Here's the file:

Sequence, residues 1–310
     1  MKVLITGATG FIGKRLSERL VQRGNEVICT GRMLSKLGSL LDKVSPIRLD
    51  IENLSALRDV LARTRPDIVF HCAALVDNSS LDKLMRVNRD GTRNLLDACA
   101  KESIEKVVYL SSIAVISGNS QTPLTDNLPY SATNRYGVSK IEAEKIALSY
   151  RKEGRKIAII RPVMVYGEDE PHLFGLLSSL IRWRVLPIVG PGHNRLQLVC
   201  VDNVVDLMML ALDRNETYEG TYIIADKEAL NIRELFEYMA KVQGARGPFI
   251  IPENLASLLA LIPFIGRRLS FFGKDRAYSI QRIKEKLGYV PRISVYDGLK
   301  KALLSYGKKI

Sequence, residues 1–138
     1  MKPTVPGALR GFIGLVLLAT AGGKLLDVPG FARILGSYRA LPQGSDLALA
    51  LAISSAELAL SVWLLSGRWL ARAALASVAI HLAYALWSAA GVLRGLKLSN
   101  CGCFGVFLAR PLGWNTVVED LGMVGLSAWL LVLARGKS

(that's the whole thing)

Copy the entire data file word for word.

Sequence, residues 1–310
     1  MKVLITGATG FIGKRLSERL VQRGNEVICT GRMLSKLGSL LDKVSPIRLD
    51  IENLSALRDV LARTRPDIVF HCAALVDNSS LDKLMRVNRD GTRNLLDACA
   101  KESIEKVVYL SSIAVISGNS QTPLTDNLPY SATNRYGVSK IEAEKIALSY
   151  RKEGRKIAII RPVMVYGEDE PHLFGLLSSL IRWRVLPIVG PGHNRLQLVC
   201  VDNVVDLMML ALDRNETYEG TYIIADKEAL NIRELFEYMA KVQGARGPFI
   251  IPENLASLLA LIPFIGRRLS FFGKDRAYSI QRIKEKLGYV PRISVYDGLK
   301  KALLSYGKKI

Sequence, residues 1–138
     1  MKPTVPGALR GFIGLVLLAT AGGKLLDVPG FARILGSYRA LPQGSDLALA
    51  LAISSAELAL SVWLLSGRWL ARAALASVAI HLAYALWSAA GVLRGLKLSN
   101  CGCFGVFLAR PLGWNTVVED LGMVGLSAWL LVLARGKS